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Divorce Done Right

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By Andrea Hansley Smith 
A happy divorce? Is that an oxymoron? Perhaps. But only if you equate 'happily ever after' with matrimony. Marriage isn't always 'magic' and divorce isn't always 'tragic'. They both require a lot of hard work. Just because your marriage didn't work out doesn't mean your divorce can't. What my husband and I failed to find in marriage we've successfully managed to achieve in divorce. Harmony.

We get along so much better now that we don't live under the same roof. When he visits the kids I'm always happy to see him come and that's mainly because I know he'll be going. That's the beauty of our present circumstances. I jokingly tell him: "Don't leave thinking you're not wanted and don't come back thinking that you are."

Divorce.jpgWe were married for 19 years, happily for 17, miserable for 2, and for the last 5 years - blissfully apart. I think we're the exception rather than the rule. That said, I think there is a shift in the perception people have of divorce which is what has paved the way for 'unwedded bliss'. The stigma and taboo of divorce isn't what it once was. As a society we're moving past that. It no longer automatically signifies 'failure'.

Between us we have four children. It goes without saying that we love them whole-heartedly and unconditionally. That love supersedes the reasons we're no longer married. Our goal as divorced parents hasn't changed one iota from the one we shared as married parents. Our children's happiness is all the motivation we need to get along.

Also, there is the genuine fondness we still have for one and other. We go out together often, with the kids and sometimes without. He takes care of repairs and maintenance around the house. My house. The one he vacated for the sake of the kids. When he does visit, which is usually weekly, I cook his favorite meals. He frequently takes the kids and me out to eat and he pays. We exchange birthday presents and Christmas gifts. He pays child support on time and regularly gives more than he's required to. When the kids need something extra for school he's ready and willing to buy it. He'll even take them out to get it.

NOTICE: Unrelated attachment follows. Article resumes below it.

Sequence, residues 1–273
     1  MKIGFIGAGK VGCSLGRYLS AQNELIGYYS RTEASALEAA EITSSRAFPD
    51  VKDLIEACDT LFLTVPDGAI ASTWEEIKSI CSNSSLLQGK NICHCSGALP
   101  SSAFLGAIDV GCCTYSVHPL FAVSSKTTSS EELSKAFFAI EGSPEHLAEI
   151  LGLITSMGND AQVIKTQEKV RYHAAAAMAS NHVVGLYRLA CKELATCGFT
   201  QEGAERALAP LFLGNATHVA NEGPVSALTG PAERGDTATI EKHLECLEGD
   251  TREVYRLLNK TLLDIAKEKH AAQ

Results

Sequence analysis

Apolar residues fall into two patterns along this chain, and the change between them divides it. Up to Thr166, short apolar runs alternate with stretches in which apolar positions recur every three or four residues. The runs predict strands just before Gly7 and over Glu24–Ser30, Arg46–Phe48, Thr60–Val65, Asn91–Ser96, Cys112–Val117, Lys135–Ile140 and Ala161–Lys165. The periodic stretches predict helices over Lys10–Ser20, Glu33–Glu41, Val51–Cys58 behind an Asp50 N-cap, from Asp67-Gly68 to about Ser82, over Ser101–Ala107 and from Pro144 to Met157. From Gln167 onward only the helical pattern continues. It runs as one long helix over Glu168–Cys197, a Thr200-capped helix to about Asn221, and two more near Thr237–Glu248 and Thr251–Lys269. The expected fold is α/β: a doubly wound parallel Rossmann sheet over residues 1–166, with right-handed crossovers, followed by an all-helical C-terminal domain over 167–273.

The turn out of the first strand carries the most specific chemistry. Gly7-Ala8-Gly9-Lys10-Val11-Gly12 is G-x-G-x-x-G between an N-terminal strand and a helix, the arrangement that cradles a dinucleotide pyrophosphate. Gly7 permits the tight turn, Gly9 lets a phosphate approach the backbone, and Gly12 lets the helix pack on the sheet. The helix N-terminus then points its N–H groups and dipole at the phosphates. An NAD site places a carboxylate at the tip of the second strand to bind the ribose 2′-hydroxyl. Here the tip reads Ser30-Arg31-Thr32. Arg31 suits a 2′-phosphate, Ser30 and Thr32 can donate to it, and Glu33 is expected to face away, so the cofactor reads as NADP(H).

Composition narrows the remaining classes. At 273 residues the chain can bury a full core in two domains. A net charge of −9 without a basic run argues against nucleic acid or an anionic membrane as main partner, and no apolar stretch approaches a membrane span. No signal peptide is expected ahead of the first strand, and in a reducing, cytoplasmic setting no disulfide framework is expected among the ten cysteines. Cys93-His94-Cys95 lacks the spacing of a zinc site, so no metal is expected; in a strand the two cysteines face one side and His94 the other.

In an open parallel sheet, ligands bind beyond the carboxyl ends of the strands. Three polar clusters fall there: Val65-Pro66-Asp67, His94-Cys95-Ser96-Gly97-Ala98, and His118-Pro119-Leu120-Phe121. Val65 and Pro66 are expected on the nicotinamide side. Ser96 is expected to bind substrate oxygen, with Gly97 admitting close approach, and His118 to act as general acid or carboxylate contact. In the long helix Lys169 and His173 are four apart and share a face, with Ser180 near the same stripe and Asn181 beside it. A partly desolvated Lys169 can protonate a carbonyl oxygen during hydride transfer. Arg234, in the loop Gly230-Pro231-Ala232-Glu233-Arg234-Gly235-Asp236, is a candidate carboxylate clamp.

We go on day trips together. Vacations are still a family affair. We've spent every Christmas together since we separated and it's always at my house, because it happens to be 'home' to our children. We go to family functions together. My family and his, from weddings to funerals and the reunions and gatherings in-between. Invitations still come addressed to Mr. and Mrs.

To some, we're still a couple and a change in geography hasn't changed the way they view us. To others we're a couple of kooks with a wacky unconventional divorce. We're enjoying it for what it's worth. And to us, it's priceless. It's an arrangement that might not work for everyone but it works for us.

That doesn't mean we're unique or special or charmed. It means that even though living together is no longer an option living without each isn't either. We are, for all intents and purposes, interminably linked to each other for all time. Bringing four children into the world together has seen to that.

We didn't enter into marriage or parenthood lightly. The marriage didn't make it but our responsibility to our children didn't end with the divorce decree. We share the pitfalls and  we're not willing or able to 'walk the walk'? I don't want to miss the awards and graduations and plays plays and ceremonies that form the landscape of our children's lives. I don't want to put them in a position of having to choose which parent they want to attend an event because we are unwilling to get along. I don't want to be a cause of stress or angst in their lives. The business of living and everyday life will toss enough obstacles, pain, and sadness their way. Our job as parents is to temper life's injustices and run interference for them. The two people who love them more than life itself have no business being the cause of it.

We've spent years teaching our children patience, understanding, and tolerance. Those concepts are the cornerstone of the family foundation we built. What kind of hypocrites would we be if we weren't able to live by the advice we've given them?

 

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